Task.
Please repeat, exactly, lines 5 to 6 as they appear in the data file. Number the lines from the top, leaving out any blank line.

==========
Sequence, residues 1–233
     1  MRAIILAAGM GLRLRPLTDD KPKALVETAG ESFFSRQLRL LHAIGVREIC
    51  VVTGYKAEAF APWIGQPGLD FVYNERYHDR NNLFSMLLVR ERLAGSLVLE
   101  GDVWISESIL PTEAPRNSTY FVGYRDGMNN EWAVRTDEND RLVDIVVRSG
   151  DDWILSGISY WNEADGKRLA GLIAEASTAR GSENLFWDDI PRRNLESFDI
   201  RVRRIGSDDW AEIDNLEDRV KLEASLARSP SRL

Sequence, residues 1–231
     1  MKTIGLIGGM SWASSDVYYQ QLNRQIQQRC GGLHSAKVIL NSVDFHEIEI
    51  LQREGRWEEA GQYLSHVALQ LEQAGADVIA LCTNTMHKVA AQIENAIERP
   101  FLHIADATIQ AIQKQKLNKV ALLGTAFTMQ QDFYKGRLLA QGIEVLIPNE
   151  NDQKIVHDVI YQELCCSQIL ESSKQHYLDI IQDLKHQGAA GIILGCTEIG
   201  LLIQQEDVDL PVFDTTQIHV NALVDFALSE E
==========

   151  DDWILSGISY WNEADGKRLA GLIAEASTAR GSENLFWDDI PRRNLESFDI
   201  RVRRIGSDDW AEIDNLEDRV KLEASLARSP SRL